Stokes poised to retain seat following Broomfield recall election

This is an archived article and the information in the article may be outdated. Please look at the time stamp on the story to see when it was last updated.

BROOMFIELD, Colo. -- As results of a Broomfield recall election were tabulated Tuesday night, it appeared the councilman at the center of the recall effort will keep his seat. The election is being viewed as a referendum on fracking expansion in the northern Denver suburb.

Councilman Greg Stokes was celebrating Tuesday night as results were published on the Broomfield Election Division's website. Those who wanted Stokes out of his job view him as a supporter of oil and natural gas.

Two challengers on the ballot, Jason Anderson and Brian Devine, were hoping to succeed Stokes.

"We need to ensure the health and safety of our community," Anderson said. "If we can do that, technology and people can co-exist."

Devine and Anderson have many similar viewpoints when it comes to the regulation  of fracking.

"I'm not just going to say absolutely no fracking -- I'm going to say no fracking in our backyards," Devine explained.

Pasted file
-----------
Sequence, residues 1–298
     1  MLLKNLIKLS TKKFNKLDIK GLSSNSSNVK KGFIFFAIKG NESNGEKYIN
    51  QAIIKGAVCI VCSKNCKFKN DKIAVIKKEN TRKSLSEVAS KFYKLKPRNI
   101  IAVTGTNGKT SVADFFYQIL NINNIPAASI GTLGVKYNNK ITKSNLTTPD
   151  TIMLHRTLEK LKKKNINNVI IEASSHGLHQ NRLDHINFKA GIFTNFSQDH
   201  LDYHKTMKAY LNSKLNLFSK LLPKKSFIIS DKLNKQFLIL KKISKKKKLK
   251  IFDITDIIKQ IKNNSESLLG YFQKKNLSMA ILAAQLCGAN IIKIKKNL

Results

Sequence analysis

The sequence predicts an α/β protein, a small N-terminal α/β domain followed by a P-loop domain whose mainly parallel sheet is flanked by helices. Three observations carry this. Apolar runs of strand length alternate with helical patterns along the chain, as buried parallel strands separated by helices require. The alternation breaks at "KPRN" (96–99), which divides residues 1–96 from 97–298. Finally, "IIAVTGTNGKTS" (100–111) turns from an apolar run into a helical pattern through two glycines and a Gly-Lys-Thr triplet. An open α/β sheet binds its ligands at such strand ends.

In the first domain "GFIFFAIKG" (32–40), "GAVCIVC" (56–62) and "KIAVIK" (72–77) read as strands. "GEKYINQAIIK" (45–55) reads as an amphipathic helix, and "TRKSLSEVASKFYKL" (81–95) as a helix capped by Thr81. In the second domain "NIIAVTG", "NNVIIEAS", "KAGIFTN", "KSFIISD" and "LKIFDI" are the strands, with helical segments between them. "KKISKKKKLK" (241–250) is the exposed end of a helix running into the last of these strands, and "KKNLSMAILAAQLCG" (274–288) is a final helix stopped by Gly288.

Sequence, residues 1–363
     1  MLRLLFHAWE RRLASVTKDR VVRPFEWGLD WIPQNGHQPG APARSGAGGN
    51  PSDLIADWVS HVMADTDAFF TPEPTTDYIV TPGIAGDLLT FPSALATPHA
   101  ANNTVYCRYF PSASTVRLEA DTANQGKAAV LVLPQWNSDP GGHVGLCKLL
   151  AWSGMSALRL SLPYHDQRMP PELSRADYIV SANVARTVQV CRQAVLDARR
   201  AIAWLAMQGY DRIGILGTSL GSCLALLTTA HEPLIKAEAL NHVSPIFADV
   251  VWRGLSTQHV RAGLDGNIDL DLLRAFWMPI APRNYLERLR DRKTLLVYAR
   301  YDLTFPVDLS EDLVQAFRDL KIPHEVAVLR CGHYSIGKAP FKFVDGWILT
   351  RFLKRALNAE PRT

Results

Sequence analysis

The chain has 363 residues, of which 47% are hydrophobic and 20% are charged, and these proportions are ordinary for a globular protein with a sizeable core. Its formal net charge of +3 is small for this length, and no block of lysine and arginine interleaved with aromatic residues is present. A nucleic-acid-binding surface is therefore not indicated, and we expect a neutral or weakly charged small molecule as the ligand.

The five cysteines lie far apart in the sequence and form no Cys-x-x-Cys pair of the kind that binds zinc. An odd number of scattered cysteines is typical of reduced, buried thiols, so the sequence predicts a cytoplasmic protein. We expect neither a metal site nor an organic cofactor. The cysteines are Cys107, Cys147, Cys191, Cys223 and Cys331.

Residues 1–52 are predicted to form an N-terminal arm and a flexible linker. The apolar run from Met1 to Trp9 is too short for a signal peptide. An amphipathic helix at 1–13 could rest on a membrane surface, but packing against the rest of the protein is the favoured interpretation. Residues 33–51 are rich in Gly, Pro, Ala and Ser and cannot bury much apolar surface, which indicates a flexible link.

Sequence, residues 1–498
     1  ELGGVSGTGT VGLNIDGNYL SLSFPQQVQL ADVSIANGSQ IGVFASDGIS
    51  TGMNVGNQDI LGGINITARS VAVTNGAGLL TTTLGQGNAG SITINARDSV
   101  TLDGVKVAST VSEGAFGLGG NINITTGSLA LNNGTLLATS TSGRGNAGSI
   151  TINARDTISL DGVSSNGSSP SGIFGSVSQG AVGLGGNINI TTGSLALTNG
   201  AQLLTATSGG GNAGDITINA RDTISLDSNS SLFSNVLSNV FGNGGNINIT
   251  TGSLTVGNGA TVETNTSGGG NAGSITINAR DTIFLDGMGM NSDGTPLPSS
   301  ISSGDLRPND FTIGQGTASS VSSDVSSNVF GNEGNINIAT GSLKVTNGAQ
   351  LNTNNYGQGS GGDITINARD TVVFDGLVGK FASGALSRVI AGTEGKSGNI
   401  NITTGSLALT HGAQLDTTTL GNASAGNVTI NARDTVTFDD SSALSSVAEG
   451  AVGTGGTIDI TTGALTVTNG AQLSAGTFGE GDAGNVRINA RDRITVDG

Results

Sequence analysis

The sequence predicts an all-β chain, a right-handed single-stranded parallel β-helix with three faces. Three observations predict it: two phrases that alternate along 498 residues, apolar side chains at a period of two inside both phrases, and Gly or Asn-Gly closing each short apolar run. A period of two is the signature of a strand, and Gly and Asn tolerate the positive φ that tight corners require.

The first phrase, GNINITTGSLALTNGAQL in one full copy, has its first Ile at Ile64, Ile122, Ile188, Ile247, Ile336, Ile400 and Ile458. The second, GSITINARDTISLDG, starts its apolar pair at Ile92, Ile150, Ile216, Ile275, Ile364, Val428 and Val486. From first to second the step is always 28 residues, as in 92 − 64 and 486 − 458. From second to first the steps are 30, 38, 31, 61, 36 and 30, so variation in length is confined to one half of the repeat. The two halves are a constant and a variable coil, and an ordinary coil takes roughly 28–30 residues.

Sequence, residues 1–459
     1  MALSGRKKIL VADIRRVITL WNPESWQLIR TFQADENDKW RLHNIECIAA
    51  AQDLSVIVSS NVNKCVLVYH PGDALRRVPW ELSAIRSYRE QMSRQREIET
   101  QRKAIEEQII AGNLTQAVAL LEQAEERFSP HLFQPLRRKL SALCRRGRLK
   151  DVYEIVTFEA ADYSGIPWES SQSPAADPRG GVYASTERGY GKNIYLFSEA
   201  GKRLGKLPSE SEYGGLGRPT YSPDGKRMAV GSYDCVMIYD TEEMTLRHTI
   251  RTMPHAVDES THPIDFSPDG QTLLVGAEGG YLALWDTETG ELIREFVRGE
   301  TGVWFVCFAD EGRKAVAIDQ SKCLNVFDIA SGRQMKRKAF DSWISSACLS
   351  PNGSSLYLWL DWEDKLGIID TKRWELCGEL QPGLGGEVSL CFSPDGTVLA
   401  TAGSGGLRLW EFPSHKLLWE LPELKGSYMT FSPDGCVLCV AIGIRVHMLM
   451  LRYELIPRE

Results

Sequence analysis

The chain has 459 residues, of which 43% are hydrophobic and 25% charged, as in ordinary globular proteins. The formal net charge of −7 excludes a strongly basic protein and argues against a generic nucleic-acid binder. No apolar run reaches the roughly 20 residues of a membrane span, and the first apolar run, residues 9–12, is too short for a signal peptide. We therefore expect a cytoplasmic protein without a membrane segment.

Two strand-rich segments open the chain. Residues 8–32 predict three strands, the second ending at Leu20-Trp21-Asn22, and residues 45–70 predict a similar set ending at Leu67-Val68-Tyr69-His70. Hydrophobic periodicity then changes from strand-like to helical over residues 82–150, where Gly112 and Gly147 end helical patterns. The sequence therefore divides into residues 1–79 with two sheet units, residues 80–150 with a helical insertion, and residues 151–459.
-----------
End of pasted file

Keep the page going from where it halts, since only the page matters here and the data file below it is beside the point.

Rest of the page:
Both of the challengers, promising change, faced election results Tuesday indicating they will need to wait until November.

Some in Broomfield called the recall election a waste of taxpayer money because, regardless of the election, incumbent Greg Stokes only has a few months left in his current role. On council for more seven years, Stokes is term limited.

"I try to pick the position that best supports Broomfield," Stokes told FOX31 Tuesday.

At a "Thank You party" for supporters Tuesday Stokes promised he will continue to push hard for oil and natural gas regulation. His ward has experienced the most fracking expansion in all of Broomfield.

"There's a lot of healing that needs to happen in Broomfield," Stokes said. "We need to reach out to everybody. The council needs to start working better together."

Broomfield residents, who were hoping for a different election outcome, said they are worried about health and environmental risks associated with fracking. They said, no matter the results of the recall election, their fight is not over.

Stokes led the recall election by more than 1,000 votes when this story was published. For the latest results, click here.


Notice: you are using an outdated browser. Microsoft does not recommend using IE as your default browser. Some features on this website, like video and images, might not work properly. For the best experience, please upgrade your browser.